Top 5 API Mistakes in PLM Software

Top 5 API Mistakes in PLM Software

In any enterprise software, there is a point of time we are asking the following question – “what APIs are supported?” We anticipate the need of API in order be configure, customize, tailor, change, adapt, etc. Use any marketing wants, in the end you’ll need an API to be able to make the software finally works in the way you want. APIs provided by software define a level of flexibility, and this is one of the important characteristics you need to take into account.

The “10 common mistakes by API providers” article on ReadWriteCloud made me think about mistakes vendors are making when designing and providing APIs. I decided to put my top 5 lists of typical problems I’ve seen in APIs for CAD, PDM, PLM software. I believe, this list is not unique in CAD/PLM and may represent some general trends as well.

1. Complexity of data and API structures
The simplicity of API is one of the most important characteristics. When it comes to complex products like CAD or PLM, a very typical problem is a high level of complications in API functions, dependencies and data structures. The level of knowledge required to work with API is growing enormously and the potential for bugs and mistakes is growing too.

2. Late availability compared to software release
This one is representing a painful situation when APIs becomes available only in the “next version” of product. Normally, it represents a lack of maturity in product functions. It often happens in a situation when a vendor is releasing a new version and anticipate function changes in the next version.

3. Inconsistency with core product functions
Another very painful situation when a product from a user standpoint behaves differently compared to API. It normally happens when development organization is inconsistent with regards to planned functions and API. The involvement of different teams of developers , separation of user-functions and API-development may cause these situations.

4. Not Stable APIs and Lack of Backward compatibility
When you customize software for customer or develop your own application you want to minimize potential problems when new version of software is coming to a market. An ability of software to support a stable set of APIs between releases is a very important characteristic. Not stable API can jeopardize a new version deployment or a new release of your software. This is a very complicated issue causes a lot of problems.

5. Lack of tests
There are software vendors consider developers a cheap workforce to debug a new software. I can see a higer probability to see an API problem, compared to user function in the same product. It can be prevented, in my view, via increased usage of own software API for internal development. In addition, it often happens when API considered as an “addition to software” and developed separately from core functions.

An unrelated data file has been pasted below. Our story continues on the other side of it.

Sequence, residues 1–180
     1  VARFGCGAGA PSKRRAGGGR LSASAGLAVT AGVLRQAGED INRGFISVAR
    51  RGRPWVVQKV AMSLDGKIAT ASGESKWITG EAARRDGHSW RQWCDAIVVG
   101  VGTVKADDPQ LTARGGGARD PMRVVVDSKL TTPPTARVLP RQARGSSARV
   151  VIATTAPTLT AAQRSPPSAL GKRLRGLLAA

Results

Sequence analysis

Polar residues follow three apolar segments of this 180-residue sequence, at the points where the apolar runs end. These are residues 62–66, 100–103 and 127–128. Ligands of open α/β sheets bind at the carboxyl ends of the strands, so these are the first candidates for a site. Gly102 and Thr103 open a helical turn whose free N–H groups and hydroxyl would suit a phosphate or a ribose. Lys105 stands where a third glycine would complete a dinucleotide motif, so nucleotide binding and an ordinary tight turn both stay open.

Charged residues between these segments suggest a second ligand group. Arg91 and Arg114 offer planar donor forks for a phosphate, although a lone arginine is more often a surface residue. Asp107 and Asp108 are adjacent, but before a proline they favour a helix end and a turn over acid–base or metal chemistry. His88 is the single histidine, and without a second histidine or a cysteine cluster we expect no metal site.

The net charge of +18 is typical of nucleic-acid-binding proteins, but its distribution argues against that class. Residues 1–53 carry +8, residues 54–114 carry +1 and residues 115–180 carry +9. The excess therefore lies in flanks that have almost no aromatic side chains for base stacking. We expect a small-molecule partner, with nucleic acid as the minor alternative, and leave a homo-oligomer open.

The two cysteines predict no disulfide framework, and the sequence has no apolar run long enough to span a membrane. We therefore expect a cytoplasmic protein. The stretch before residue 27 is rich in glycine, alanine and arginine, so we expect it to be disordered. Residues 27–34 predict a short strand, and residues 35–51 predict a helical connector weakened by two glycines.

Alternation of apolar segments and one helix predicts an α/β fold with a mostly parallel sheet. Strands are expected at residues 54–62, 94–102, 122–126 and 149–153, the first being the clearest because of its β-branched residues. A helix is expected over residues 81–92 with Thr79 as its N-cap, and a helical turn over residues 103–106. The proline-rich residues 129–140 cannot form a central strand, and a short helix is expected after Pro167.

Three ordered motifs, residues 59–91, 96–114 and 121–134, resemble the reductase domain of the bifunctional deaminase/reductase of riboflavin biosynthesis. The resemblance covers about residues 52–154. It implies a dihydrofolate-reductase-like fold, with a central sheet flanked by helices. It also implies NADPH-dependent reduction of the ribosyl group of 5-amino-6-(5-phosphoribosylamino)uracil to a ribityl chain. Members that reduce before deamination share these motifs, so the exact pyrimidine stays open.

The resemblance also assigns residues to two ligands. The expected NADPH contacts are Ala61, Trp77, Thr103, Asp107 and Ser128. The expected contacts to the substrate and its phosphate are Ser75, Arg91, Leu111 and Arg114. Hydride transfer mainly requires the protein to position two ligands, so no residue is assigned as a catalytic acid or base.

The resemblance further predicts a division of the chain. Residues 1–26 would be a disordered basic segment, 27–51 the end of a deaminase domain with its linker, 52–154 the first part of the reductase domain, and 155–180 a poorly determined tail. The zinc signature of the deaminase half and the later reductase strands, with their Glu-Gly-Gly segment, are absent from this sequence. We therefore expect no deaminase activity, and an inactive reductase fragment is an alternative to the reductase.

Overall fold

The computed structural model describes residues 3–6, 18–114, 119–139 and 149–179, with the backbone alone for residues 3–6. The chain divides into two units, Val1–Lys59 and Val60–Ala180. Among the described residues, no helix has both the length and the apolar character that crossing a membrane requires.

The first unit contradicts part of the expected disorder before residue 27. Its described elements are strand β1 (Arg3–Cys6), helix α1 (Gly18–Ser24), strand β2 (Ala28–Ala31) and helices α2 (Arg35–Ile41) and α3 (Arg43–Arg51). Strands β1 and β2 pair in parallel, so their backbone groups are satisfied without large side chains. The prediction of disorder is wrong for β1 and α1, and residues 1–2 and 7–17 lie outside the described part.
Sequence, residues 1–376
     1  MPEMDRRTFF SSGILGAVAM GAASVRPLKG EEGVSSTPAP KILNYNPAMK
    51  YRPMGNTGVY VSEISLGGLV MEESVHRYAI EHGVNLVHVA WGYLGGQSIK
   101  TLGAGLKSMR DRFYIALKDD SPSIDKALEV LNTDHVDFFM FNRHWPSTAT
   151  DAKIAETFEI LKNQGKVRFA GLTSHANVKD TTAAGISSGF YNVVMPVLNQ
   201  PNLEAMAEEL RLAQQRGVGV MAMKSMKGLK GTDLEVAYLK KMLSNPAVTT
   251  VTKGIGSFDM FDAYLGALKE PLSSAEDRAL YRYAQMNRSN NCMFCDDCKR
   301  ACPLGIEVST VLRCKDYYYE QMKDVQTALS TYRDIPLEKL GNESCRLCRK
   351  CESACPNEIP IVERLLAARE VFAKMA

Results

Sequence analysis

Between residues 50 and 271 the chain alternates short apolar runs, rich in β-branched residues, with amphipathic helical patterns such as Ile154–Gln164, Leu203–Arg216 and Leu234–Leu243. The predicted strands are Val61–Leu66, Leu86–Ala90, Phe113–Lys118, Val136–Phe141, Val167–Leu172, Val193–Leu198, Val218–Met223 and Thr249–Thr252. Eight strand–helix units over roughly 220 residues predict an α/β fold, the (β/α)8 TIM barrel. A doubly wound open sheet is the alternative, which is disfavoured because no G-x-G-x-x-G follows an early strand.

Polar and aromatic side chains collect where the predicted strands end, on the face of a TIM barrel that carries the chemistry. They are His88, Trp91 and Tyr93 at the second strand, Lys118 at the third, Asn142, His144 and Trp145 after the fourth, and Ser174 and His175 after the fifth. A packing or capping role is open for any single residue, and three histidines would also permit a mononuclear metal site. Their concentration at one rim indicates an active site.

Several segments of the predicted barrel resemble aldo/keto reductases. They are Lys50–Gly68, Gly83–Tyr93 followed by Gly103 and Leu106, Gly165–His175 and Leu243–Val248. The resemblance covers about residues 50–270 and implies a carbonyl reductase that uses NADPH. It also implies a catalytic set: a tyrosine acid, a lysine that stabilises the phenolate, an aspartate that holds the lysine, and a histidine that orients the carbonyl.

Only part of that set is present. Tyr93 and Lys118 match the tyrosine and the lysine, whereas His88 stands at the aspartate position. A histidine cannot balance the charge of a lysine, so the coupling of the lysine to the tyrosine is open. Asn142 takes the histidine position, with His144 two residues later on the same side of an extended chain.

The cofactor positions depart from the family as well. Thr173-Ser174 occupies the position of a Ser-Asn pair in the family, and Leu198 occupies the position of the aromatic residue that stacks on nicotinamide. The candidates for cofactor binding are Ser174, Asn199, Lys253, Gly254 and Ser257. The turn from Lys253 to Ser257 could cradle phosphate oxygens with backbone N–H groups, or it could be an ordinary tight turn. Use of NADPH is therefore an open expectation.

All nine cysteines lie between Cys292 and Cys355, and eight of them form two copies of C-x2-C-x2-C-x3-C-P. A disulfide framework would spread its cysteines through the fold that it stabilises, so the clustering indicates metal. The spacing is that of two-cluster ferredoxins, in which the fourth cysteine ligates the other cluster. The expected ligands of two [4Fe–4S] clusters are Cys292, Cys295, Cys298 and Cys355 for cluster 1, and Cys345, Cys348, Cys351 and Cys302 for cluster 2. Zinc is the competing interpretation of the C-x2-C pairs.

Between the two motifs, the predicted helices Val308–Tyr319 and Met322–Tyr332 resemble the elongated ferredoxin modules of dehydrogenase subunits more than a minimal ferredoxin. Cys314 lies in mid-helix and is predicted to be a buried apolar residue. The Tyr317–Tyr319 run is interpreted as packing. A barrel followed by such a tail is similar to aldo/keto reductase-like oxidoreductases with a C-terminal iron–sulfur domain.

There is one more thing. Availability of API. I didn’t put it in the list for several reasons. Sometimes, CAD/PLM vendors are making decision to protect some aspects of their software by restricting APIs. This practice more related to business strategy and cannot be considered as “API mistake”. This is another problem that often happens and needs to be taken into the account.

What is my conclusion? The amount of revenues in the market of engineering software related to services, and customization is very high. For different segments, it approaches 50% and even more. APIs is a core fuel behind these revenues. Consistent, stable and simple API is an important characteristic of every successful product in this market. Just my opinion.

Best, Oleg

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  • So true.

  • beyondplm

    Alex, thanks! Agree, sometimes is so painful. Best, Oleg

  • Loic

    Hi Oleg,
    a simple mind. API are often the keys for starting customisation of a solution. Sould the design of a PLM solution start from the design of the API?

    Do you think it would be possibe to design a PLM solution that suppost data-model, and only provide API to self-implement the processes ?
    The provider of such a solution would propose his own implementation of processes, of visualisation, as well as other entreprises could do…

  • Paul

    If PLM vendors wrote their software to be API (SOA) driven from the start then the consistency would be there. Unfortunately, most of the big PLM software suites (Teamcenter, Enovia, whatever PTC call it this week) are actually pretty old under the skin and have had web ‘stuff’ grafted on – but you don’t need to scratch too hard to see the unfriendly underpinnings.

    Plus – lets be honest – why would they expose nice neat APIs? Then you can do your own development without their help….

  • beyondplm

    Loic, thanks for sharing your thoughts! I think, the idea of data+model+API=PLM system isn’t new. About 10-15 years ago, PDM systems were designed as a toolkit combined of these components. However, in my view, it is not good for many reasons. It assumes users need to take a very long implementation cycle and handle it (or ask SI organization to do so). I believe PLM tools need to provide a good balance between flexibility (including API and ability to be configured) and pre-defined functionality. Just my thoughts… Best, Oleg

  • beyondplm

    Paul, thanks for commenting! I think, you made right analyzes. When systems passed over multiple changes and updates, the underline API can be so different from external functionalities. The second topic is pure business, in my view – to provide or not APIs. Each vendor needs to decide it based on their business model. Just my thoughts.. Best, Oleg